The NGO, Civil Society in the Penal System Association (CİSST) has published its 2019 Annual Report which describes the situation of prisons and prisoners with special needs in Turkey and contains information about the current situation. We will convey you the section on the situation of student prisoners in this report, which contains general and inclusive information on prisons. You can read the full report here.
CİSST examined the problems experienced by student prisoners under the following titles: (1) Financial Challenges -especially with tuition fees, (2) Accessing Educational Materials, (3) Way to School and Back to Prison, (4) (Im)possibility of studying in prison, (5) Distant Education-the inability of following courses, and (6) Being Enrolled in a University in a Different City.
One of the data sets regarding the number of student prisoners is presented in the speech of Namık Kemal Varol, Deputy General Director of Prisons Detention Houses, at the Human Rights Inquiry Commission of the Parliament on October 31th, 2019.* According to the data stated in the speech, as of 2019, 55.458 students are attending non-formal education, 2,792 students are studying in educational institutions and 329 students are attending distant education.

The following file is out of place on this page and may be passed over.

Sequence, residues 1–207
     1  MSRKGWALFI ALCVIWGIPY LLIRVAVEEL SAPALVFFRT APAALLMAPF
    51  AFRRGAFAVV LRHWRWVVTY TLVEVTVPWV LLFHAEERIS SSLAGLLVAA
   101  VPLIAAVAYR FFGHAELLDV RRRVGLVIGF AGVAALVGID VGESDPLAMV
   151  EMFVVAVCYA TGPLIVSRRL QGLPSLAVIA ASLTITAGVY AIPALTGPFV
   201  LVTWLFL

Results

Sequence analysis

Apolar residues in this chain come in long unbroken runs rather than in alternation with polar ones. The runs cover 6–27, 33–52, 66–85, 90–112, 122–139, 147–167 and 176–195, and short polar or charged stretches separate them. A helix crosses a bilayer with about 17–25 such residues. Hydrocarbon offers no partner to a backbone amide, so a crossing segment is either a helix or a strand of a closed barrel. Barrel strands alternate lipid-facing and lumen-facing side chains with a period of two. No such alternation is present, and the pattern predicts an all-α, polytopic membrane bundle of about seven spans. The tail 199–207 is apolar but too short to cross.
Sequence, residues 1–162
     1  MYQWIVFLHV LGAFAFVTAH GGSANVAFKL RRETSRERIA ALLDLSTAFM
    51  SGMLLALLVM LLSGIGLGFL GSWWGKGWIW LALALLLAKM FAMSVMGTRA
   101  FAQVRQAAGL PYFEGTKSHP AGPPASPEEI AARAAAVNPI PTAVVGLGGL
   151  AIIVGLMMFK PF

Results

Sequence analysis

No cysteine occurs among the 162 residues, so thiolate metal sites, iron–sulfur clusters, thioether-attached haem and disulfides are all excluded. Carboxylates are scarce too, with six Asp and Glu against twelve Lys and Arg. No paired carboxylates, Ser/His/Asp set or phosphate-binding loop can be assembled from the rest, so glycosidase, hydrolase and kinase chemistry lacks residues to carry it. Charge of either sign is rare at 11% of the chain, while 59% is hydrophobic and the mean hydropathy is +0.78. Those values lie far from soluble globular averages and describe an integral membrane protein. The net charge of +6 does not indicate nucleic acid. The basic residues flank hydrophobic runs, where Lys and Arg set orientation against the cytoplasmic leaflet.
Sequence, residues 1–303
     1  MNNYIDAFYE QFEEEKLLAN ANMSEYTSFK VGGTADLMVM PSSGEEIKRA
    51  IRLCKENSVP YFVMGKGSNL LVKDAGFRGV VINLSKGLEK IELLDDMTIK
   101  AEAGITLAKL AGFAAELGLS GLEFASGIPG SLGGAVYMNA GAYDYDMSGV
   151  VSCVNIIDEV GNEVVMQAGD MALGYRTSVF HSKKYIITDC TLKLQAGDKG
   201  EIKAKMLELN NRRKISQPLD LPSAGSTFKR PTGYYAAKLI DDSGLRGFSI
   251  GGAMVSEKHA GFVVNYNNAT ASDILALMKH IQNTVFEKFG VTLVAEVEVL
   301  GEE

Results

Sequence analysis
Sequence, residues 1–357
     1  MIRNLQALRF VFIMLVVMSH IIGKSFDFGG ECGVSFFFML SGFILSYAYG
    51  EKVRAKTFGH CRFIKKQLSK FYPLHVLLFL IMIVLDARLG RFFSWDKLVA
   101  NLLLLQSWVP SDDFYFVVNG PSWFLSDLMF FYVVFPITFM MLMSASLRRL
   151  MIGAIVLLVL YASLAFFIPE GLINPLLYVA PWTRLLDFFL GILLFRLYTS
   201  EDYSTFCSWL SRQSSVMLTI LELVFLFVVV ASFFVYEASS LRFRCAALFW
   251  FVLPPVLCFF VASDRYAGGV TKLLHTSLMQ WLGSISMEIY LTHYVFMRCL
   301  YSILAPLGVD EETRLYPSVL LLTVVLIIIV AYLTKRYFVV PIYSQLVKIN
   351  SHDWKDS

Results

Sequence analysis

In the report, it was stated that the exam and registration expenses of student prisoners were covered by the Ministry of Family and Social Policies until 2017, afterwards the protocol has changed and the payment of tuitions is left to the Social Aid and Solidarity Foundation’s Board of Trustee at the province where the prison is located. (p.60-61)
Educational materials: While free material delivery was provided to students studying in open education until 2019, the application was subsequently removed. According to the report, the prison administration does not accept the lecture notes brought by the visitors as the notes do not have a tax label, and the administration provides students the option to download and duplicate the lecture notes for a fee (p. 61). The report also points out that students cannot find the opportunity to study due to the prison’s crowded and noisy setting and that they don’t have a study room or library (p. 61-62).
As mentioned in the report, the available transportation for student prisoners’ is also not very suitable. As there is no attempt to facilitate access to schools from prisons far from the city center and the need for students to avoid time-related disciplinary penalties, the report cited the effect of the financial burden on student prisoners using taxis for high fees (p.61). Finally, it was noted that student prisoners studying at a university in a different city could not continue their education due to their inability to -attend. Students’ referral requests stating this situation were generally rejected for reasons such as the occupancy rate (p. 62).